I’d like to think that I am a strong man Not the kind of strength that is about muscles (thankfully) But the brute emotional strength that can bench press Refrigerator-sized heartaches with ease
I’d like to think that I am a patient man Having vision of what is to come and the Awareness of what diligence will be required to get there Orienting myself and my family when direction is lost
I’d like to think that I am a confident man Standing tall in crowd, not shying from a fight Confident enough not to need to question myself And more left over to ensure those around me
I’d like to think that I am a believable man That I can play the role with precision and grace A strong, patient, and confident man on stage and off Not breaking character, but always the man I’d like to be
I’m not much of a writer, but this just hit me this morning. I hope you find something in it you like. –Levi
I’ve recently started reading Mountain Man, by Vardis Fisher. I’m sure you have all seen Sydney Pollack’s Jeremiah Johnson with Robert Redford – and if you haven’t, I highly recommend you do so. The book is the inspiration for the film, with many of the lines pulled directly from the text.
I picked this book up in the airport, because it had a cool title and a not-so-interesting cover. After reading half of the book, I must say, I am captured by its rawness, its simpleness, and its portrayal of a place in time.
It is a great story, filled with rustic manly aspiration and sort of Robert Frostian description of natural beauty.
Micah shared this with me and I made my first purchase last month and am really happy with it. Thought you all might be interested in this. Just click on the title or picture and enjoy!
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I’m 23 years old and not much wisdom comes with those years. I have my opinions, I cast my vote, but I mostly just try to listen, cultivate as much culture , knowledge, and news as I can, and maybe some form of synthesis will eventually develop.
I went and had coffee with a Dean/professor about 2 month ago. 66 years young and yet, he still has that inner-child dancing within himself. He’s one of the reasons I want to teach. After interning in Corporate America for a semester, I knew that my inner child would slowly diminish in that cubicle. That I’d only be wanting the days to go by faster, not getting much out of those days, just getting through them.
I told Dr. Ray about my excitement for bringing history to life to others and he recommended the film Jonah Who Will be 25 in the Year 2000. It was made in 1976 in Switzerland. He told me to seek out this clip of Marco teaching his first lesson on YouTube. I think all of us wish we could have a first day like this, with a Cleaver and blood sausages to illustrate Time and the historic figures that allowed historians to see the bends in them.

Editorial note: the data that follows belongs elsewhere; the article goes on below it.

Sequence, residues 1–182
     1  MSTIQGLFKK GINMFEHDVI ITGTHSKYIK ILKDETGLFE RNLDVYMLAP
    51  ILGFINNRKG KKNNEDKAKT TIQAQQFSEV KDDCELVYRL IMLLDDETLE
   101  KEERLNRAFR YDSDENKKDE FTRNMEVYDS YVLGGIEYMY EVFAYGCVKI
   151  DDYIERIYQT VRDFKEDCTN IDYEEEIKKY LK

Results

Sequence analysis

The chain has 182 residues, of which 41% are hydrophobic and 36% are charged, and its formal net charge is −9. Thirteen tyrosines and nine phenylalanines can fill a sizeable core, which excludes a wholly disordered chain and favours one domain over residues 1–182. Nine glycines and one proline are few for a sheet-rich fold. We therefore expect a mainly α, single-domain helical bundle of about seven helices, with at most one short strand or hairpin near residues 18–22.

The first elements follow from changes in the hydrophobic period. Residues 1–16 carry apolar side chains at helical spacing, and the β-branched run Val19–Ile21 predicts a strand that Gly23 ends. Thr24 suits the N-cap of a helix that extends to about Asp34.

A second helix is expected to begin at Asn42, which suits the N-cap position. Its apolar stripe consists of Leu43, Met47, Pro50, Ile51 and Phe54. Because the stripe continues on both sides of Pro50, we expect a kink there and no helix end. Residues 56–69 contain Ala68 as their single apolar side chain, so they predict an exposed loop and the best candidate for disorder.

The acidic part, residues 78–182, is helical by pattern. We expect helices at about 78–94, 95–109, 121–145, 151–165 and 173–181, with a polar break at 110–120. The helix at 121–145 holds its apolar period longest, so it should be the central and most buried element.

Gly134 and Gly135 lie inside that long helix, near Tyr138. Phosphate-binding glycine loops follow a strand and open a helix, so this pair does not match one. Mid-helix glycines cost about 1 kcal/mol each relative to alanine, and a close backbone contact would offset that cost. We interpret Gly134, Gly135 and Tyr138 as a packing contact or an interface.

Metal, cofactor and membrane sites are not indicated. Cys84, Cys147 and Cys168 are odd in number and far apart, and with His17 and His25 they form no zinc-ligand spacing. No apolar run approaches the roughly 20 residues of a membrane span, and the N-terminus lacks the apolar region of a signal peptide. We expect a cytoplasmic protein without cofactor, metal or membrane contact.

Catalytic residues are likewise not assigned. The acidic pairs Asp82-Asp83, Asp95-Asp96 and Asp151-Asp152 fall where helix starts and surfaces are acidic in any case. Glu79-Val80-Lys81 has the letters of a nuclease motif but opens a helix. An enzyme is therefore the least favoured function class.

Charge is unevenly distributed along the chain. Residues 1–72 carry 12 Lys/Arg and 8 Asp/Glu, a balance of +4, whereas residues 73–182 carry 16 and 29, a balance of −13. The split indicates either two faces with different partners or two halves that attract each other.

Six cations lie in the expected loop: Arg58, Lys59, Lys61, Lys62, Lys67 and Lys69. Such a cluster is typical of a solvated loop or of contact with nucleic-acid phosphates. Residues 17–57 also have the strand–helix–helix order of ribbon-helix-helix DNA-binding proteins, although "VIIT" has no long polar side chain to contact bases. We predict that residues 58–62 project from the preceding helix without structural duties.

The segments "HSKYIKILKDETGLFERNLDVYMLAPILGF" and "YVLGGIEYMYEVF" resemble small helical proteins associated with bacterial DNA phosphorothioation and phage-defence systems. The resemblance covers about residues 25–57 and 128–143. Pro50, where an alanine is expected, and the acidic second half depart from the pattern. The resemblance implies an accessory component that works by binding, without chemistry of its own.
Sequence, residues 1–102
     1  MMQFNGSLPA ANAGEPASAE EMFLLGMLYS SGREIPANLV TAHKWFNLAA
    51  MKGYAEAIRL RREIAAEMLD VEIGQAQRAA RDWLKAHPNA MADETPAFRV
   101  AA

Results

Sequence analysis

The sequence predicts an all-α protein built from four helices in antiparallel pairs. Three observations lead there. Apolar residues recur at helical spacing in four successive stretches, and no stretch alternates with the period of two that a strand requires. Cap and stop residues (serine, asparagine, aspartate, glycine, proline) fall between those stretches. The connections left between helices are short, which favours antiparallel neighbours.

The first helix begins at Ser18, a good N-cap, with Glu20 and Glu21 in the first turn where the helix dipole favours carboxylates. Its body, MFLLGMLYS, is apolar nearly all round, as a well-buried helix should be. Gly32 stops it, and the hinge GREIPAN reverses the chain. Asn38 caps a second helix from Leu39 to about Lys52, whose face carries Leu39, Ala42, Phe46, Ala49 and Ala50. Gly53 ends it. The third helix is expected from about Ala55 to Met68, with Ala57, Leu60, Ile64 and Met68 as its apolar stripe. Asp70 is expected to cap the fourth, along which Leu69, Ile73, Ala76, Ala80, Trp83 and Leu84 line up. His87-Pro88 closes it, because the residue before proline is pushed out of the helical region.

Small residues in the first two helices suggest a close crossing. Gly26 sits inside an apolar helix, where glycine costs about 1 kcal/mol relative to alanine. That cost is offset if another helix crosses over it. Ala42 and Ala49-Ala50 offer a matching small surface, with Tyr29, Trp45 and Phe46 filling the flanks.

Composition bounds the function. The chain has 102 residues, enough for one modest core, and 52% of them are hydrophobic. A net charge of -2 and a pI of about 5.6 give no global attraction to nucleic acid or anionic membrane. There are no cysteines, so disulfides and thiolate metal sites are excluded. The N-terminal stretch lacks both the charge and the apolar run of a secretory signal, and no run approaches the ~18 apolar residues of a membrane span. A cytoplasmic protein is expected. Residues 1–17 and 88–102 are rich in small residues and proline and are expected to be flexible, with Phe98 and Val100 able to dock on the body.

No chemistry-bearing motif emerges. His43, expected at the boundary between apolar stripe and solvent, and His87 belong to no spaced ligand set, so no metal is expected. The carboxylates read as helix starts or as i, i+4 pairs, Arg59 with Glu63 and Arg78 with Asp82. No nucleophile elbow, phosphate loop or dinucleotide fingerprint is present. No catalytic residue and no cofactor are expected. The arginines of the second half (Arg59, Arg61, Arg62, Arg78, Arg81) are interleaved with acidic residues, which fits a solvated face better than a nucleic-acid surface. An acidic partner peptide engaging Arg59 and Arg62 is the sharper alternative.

Here is what Pauline Kael of the New Yorker had to say about it:
“There are eight key characters in Jonah, all in their twenties or thirties, and all seeking solutions to the problems brought to general consciousness by the events of 1968. Not one of them is a comfortable bourgeois; they’re the sort of fantasists and obsessives who were considered marginal before 1968…Each of the eight characters is a utopian of some sort, except for the disillusioned former activist, Max..Each of these people is autonomous, looks for his own answers, and acts upon them, and together, the film suggests, they can give birth to a Jonah who will have the acumen to connect their visions..Miou-Miou‘s the most purely enjoyable person in the movie. This tumble-dried blonde, the Brigitte Bardot the cat dragged in, doesn’t look as if she could be an actress, but she certainly is…Marie has a friend in France, Old Charles, a retired railroad worker, to whom she brings stolen groceries; he is played by the veteran French character actor Raymond Bussières, familiar from Casque d’or and films by Clouzot and René Clair. Together, Miou-Miou and Bussières act out fantasies in brief set pieces..The whole film is designed as a collection of little routines..Jonah is so ingeniously constructed that one can enjoy it the way one enjoyed Renoir‘s egalitarian films of the thirties, relating to each character in turn. ”
I feel that the characters in this film have much in common with myself. We’re both looking for our place in the world, a way we can positively contribute to the world around us. This theme has aged well, and I would love to organize a G-Soma viewing.
Would anyone be up for a viewing next Wednesday, July 18th? The film is on VHS and if you have a VHS player handy, I would love to share this film with some like minded individuals.
Take care and look forward to meeting fellow G-Soma’ers. And if you don’t have a VHS but are willing to host a viewing, I’m sure we could track down a VHS player at the nearest thrift store.
This article is a great example of the laid back and enjoyable trip you can have by train. Like a road trip without the hassle. And that’s saying a lot coming from a guy who loves road trips . . . I spent upwards of 45 nights in my car in a two year period road-tripping to some of America’s most scenic destinations. I think Fibo might remember waking up to see the sunrise in a pasture in Eastern Colorado en route to one of those iconic destinations.